Sunday, October 30, 2016

Digital genealogy organizing project Step 6: Naming the files

Three months ago I announced a 3-month project to organize the digital genealogy files already on my computer, so that I could then begin adding new files to an organized structure.  So here we are at the end of those 3 months, and at the last major step: (re)naming the individual files.

Once we have folders for each individual, it's time to name the files that will go into those folders.  Because files may be copied and sent to others, the file names themselves will still have to identify who the file is about. I like to then add a year to the name, so that multiple files will sort automatically in chronological order, giving me a timeline of events for that person.  This helps in identifying gaps in the documents. Finally, I want to know what type of event the document is for, as well as the type of document, such as a birth documented by a birth certificate, a death documented by the SSDI, and so forth.

I have a few documents for each person that don't fit neatly into the timeline (for instance, my request to the Social Security Administration for my father's SS-5 record), so these can go into a !Misc folder at the beginning of my father's folder. There might also be a !Photos folder for photos for which I haven't yet identified the year in which they were taken.  It would also be acceptable if I have found a digital document for someone but haven't yet had the time to name it appropriately.  I could put this into a !To be filed folder.  At the very least, these documents would still be associated with the individual that they are about.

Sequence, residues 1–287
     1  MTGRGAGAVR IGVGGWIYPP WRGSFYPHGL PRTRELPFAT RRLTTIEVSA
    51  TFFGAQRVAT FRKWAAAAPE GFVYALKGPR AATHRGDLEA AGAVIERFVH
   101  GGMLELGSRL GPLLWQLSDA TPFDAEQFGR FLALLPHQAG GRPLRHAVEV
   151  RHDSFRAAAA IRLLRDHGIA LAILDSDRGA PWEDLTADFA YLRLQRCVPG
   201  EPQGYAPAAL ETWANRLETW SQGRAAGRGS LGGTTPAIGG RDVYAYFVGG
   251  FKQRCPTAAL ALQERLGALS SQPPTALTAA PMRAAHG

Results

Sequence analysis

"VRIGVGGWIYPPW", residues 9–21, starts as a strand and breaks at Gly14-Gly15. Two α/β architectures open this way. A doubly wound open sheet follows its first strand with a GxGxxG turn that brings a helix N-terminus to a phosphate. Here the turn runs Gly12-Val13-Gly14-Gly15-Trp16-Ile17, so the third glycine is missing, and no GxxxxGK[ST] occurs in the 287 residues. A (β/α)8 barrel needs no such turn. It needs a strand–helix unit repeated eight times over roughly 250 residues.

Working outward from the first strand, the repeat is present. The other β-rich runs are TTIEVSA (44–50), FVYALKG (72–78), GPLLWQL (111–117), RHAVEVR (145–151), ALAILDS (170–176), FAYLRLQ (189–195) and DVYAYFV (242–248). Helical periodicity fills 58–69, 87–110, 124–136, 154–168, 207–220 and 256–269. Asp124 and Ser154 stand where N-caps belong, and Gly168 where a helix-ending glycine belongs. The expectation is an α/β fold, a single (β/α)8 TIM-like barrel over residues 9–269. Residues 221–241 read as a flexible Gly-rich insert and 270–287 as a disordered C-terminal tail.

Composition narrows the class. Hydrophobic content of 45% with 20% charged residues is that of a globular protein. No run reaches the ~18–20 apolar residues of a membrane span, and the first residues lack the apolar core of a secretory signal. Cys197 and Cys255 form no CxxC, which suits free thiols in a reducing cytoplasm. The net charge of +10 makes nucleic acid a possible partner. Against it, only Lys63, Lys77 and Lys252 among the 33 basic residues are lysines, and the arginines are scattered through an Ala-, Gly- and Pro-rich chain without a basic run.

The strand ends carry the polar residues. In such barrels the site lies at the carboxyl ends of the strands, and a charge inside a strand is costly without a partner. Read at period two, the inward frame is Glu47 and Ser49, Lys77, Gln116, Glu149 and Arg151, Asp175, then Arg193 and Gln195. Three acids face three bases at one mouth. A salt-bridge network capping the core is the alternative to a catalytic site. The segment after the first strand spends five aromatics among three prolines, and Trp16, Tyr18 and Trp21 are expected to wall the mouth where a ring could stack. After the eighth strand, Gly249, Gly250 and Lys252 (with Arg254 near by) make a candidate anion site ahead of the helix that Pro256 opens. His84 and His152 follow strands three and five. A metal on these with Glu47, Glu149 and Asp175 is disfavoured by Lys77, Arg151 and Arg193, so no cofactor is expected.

In previous postings, I've discussed the idea of creating multiple copies of documents that refer to more than one person of interest (both individuals on a marriage record, all household members on a census record, etc.).  Might there be a case where you would make multiple copies of the same document just for the same person? This depends on how much you want to represent your ancestor's timeline as a series of documents. What if your only document identifying the year of birth is from a much later document (census, marriage, military, SS-5, death, and so forth)?  After all, a birth certificate may simply not exist, or may elude discovery for quite a few years.

What will the resulting list of file names look like?  Let's use my mother for the example:


I've duplicated the 1940 census record since it provides residence information for both 1935 and 1940. I can quickly review this list and see that I still need something for my mother's marriage (I have a scanned newspaper article that I haven't filed yet) and more death-related information (such as the obituary).

Now I'm ready to download or scan new documents, and add them to my collection.